35. 35. ECG Waves ✦ QRS wave ✦ Ventricle depolarization ✦ Q wave: when initial deflection is negative ✦ R wave: first positive deflection ✦ S wave: negative deflection after the R wave
  36. 36. ECG Waves✦ QRS ✦ May contain R wave only ✦ May contain QS wave only ✦ Small waves indicated with small letters (q, r, s) ✦ Repeated waves are indicated as ‘prime’
  37. 37. ECG Waves ✦ QRS ✦ width usually 0.10 second or less
  38. 38. ECG Waves ✦ RR interval ✦ interval between two consecutive QRS complexes
  39. 39. ECG Waves ✦ J point ✦ end of QRS wave and... ✦ ...beginning of ST segment ✦ ST segment ✦ beginning of ventricular repolarization ✦ normally isoelectric (flat) ✦ changes-elevation or depression-may indicate a pathological condition
  40. 40. ECG Waves
  41. 41. ECG Waves ✦ T wave ✦ part of ventricular repolarization ✦ asymmetrical shape ✦ usually not measured
  42. 42. ECG Waves ✦ QT interval ✦ from beginning of QRS to the end of the T wave ✦ ventricular depolarization & repolarization ✦ length varies with heart rate (table 2.1) ✦ long QT intervals occur with ischemia, infarction, and hemorrhage ✦ short QT intervals occur with certain medications and hypercalcemia
  43. 43. ECG Waves ✦ QT interval should be less than half the R-R interval ✦ If not, use Rate Corrected QT Interval ✦ normal ≤ 0.44 sec.
  44. 44. ECG Waves ✦ Long QT interval ✦ certain drugs ✦ electrolyte distrubances ✦ hypothermia ✦ ischemia ✦ infarction ✦ subarachnoid hemorrhage ✦ Short QT interval ✦ drugs or hypercalcemia FYI
  45. 45. ECG Waves ✦ U Wave ✦ last phase of repolarization ✦ small wave after the T wave ✦ not always seen ✦ significance is not known ✦ prominent U waves are seen with hypokalemia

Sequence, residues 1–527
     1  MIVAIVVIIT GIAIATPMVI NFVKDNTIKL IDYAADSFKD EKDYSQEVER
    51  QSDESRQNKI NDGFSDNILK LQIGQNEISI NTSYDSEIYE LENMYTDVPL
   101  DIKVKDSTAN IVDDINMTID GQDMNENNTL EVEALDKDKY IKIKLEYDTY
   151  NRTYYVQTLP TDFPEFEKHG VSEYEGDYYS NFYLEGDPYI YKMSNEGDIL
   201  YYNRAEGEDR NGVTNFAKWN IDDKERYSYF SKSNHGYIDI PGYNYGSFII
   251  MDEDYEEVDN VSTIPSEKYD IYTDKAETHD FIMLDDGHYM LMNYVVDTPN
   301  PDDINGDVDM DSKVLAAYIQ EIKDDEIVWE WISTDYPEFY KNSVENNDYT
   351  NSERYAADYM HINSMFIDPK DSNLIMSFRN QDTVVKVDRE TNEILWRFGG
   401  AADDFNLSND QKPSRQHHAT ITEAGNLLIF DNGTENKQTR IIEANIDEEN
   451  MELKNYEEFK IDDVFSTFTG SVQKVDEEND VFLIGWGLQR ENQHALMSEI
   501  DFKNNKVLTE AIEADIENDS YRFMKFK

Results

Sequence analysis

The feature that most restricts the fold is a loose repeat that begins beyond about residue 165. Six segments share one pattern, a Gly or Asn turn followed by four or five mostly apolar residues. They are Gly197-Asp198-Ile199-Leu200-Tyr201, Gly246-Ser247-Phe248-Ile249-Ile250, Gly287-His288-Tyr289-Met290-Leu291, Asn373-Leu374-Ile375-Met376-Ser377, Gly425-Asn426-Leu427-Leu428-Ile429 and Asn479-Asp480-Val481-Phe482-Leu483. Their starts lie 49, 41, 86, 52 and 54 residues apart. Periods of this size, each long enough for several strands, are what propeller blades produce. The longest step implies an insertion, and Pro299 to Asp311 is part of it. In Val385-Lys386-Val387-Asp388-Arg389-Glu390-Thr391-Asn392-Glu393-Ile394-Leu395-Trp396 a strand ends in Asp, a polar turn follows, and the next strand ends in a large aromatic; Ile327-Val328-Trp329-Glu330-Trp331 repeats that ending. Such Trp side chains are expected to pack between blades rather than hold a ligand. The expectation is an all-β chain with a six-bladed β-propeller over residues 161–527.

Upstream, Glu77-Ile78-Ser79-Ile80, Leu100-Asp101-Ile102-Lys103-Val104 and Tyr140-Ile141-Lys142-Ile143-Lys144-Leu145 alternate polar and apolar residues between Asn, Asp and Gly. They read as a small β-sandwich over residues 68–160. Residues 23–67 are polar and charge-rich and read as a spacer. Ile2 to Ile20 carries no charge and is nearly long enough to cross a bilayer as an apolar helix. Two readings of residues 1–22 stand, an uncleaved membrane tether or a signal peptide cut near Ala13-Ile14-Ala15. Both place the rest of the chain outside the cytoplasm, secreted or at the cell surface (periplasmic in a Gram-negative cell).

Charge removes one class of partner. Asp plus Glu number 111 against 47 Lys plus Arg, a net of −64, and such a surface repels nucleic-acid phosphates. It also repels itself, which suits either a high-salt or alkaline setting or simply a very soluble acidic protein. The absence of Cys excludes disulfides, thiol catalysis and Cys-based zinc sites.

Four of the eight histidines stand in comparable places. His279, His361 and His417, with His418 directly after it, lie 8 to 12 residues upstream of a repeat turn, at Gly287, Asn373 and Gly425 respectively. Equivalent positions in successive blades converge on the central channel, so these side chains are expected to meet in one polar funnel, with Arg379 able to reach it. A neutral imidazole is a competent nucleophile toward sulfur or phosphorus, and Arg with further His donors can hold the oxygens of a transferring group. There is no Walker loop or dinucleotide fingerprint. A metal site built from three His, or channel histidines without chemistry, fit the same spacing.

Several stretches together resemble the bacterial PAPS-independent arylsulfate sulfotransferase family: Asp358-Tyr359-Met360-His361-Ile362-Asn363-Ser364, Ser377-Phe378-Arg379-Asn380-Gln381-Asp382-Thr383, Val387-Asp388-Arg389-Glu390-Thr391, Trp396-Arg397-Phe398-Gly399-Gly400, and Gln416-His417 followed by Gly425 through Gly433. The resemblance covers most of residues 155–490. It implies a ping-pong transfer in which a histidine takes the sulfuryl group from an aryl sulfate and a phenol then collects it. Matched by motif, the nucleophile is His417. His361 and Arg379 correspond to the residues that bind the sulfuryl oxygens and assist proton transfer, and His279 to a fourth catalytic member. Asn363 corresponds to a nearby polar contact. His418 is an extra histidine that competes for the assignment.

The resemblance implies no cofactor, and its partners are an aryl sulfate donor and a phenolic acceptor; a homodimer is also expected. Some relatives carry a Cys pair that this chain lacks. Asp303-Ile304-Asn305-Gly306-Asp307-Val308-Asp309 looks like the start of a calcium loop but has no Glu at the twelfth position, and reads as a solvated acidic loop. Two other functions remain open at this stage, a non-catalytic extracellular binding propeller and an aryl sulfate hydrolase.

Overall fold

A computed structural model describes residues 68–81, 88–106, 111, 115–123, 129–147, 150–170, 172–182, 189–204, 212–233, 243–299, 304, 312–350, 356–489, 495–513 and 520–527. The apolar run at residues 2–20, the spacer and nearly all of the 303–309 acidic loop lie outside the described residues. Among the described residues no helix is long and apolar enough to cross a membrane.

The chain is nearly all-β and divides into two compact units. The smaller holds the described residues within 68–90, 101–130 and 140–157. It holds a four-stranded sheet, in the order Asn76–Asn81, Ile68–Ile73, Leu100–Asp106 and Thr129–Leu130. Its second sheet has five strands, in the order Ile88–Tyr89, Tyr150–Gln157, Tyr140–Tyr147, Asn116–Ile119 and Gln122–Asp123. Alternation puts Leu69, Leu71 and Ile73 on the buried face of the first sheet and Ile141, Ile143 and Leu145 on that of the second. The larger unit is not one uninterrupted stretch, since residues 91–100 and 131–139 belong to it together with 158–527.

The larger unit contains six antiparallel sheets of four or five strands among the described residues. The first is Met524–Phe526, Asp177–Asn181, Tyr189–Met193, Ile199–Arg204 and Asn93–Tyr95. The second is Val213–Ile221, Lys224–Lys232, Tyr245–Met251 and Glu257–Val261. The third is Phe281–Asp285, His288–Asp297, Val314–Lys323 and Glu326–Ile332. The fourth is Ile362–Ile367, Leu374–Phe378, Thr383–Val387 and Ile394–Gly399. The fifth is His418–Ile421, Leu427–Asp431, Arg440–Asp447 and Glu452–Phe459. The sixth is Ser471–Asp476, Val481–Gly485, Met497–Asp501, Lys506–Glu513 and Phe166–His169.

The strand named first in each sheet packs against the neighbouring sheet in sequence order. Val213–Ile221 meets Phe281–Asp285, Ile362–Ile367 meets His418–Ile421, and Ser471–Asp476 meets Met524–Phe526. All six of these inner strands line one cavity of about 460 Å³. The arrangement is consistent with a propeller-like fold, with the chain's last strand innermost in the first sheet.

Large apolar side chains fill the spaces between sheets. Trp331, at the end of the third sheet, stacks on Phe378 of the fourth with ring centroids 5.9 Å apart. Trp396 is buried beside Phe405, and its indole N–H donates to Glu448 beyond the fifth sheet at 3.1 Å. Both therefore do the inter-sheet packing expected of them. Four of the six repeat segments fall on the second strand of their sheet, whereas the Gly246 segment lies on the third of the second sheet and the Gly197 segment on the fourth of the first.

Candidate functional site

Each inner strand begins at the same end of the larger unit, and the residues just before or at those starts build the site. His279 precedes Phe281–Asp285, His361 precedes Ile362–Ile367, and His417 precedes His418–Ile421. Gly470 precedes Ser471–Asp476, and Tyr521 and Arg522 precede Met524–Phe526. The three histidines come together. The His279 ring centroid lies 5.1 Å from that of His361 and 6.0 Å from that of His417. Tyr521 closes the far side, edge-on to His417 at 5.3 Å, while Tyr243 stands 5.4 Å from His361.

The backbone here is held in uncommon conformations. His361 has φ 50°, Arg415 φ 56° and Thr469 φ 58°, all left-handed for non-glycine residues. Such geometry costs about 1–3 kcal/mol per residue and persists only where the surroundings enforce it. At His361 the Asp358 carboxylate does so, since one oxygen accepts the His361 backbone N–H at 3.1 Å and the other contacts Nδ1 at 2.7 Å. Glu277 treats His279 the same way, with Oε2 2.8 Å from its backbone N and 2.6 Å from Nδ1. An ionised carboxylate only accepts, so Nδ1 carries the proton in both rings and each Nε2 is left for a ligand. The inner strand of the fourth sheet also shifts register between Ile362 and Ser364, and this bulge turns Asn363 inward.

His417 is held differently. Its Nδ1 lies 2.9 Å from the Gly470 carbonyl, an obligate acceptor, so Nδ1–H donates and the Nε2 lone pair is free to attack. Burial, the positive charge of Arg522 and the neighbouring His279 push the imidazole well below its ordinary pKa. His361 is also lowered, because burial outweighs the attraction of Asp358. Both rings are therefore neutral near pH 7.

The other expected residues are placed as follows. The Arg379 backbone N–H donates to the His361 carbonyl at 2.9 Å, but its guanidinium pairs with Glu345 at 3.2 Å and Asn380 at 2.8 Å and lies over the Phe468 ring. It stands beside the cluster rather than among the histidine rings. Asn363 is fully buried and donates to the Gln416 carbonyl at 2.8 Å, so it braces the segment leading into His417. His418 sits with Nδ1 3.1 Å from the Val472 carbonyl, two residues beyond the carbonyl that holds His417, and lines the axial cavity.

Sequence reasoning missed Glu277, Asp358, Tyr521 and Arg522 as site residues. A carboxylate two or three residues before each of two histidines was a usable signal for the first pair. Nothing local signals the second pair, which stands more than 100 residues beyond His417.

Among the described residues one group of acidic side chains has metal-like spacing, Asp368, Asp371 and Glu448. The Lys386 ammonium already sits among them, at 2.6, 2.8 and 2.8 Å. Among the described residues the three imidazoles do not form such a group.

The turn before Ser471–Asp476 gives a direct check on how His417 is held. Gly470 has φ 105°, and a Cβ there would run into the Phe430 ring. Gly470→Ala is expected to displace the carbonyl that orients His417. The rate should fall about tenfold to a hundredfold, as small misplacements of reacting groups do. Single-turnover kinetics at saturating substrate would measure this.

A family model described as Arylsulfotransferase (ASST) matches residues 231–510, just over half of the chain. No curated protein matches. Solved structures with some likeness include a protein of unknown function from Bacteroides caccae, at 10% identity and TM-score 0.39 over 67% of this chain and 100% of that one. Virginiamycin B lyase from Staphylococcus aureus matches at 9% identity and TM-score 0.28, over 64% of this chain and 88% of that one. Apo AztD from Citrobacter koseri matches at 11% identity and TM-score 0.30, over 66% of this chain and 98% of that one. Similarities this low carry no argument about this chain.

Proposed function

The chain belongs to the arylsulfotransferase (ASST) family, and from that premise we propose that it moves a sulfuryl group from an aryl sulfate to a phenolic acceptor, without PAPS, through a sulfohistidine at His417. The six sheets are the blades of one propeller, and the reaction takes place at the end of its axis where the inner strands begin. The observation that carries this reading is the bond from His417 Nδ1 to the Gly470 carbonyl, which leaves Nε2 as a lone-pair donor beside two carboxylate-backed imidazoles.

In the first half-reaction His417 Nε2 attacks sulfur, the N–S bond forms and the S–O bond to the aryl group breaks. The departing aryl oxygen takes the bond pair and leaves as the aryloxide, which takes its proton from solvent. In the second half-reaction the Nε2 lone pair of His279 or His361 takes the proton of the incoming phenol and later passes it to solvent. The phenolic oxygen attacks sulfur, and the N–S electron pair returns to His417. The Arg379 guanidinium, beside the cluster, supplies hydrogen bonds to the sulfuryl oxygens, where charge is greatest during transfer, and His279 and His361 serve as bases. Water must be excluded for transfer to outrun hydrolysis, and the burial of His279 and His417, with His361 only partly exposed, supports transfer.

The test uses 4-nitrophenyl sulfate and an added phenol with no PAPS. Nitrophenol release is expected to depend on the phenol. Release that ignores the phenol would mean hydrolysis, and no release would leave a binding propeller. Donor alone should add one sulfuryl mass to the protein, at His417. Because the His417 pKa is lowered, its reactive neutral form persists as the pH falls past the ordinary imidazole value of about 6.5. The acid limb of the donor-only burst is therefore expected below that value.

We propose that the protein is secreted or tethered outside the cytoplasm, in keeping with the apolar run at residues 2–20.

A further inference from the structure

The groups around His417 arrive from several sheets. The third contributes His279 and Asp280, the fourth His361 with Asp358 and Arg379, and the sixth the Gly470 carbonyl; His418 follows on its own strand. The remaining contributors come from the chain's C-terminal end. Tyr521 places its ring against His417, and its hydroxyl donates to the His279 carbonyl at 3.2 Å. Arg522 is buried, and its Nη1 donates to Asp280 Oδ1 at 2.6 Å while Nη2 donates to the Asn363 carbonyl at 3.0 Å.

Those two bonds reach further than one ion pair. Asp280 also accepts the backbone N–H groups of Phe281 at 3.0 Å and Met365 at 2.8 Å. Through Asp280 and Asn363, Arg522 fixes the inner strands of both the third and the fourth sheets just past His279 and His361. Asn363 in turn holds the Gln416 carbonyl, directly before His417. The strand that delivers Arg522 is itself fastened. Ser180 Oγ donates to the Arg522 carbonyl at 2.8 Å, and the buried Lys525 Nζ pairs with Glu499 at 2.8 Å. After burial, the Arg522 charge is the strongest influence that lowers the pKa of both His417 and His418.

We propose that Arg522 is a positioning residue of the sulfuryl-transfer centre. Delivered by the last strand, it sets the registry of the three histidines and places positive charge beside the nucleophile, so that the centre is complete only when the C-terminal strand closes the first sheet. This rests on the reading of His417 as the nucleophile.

46. 46. Heart Rate Calculation 1. 1500 divided by the number of small boxes between two R waves • most accurate • take time to calculate • only use with regular rhythms 2. 300 divided by the number of large boxes between two R waves • quick • not too accurate • only use with regular rhythm 3. Number of large squares w/i RR interval 1 lg sq = 300 bpm 2 lg sq = 150 bpm 3 lg sq = 100 bpm 4 lg sq = 75 bpm 5 lg sq = 60 bpm 6 lg sq = 50 bpm
  47. 47. Heart Rate Calculation ✦ For regular rhythm... ✦ Count the number of large boxes between two consecutive QRS complexes. Divide 300 by that number ✦ 300 ÷ 4 = 75 ✦ Count the small boxes. Divide 1500 by that number ✦ 1500 ÷ 20 = 75
  48. 48. Heart Rate Calculation ✦ For irregular rhythms… ✦ Count the number of cardiac cycles in 6 seconds and multiple this by 10. (Figure 2.15)
  49. 49. The ECG as a Combination of Atrial and Ventricular Parts ✦ Atrial ECG = P wave ✦ Ventricular ECG = QRS-T waves ✦ Normally, sinus node paces the heart and P wave precedes QRS ✦ P-QRS-T ✦ Sometimes, atria and ventricles paced separately (e.g. complete heart block)
  50. 50. ECG in Perspective 1. ECG recording of electrical activity not the mechanical function 2. ECG is not a direct depiction of abnormalities 3. ECG does not record all the heart’s electrical activity
  51. 51. THANK YOU
  • EdwinKariuki12

    Nov. 14, 2020
  • emmaazma

    Sep. 9, 2018

Electrical Activity of the Heart

Aufrufe

Aufrufe insgesamt

1.523

Auf Slideshare

0

Aus Einbettungen

0

Anzahl der Einbettungen

0

Befehle

Downloads

40

Geteilt

0

Kommentare

0

Likes

2

×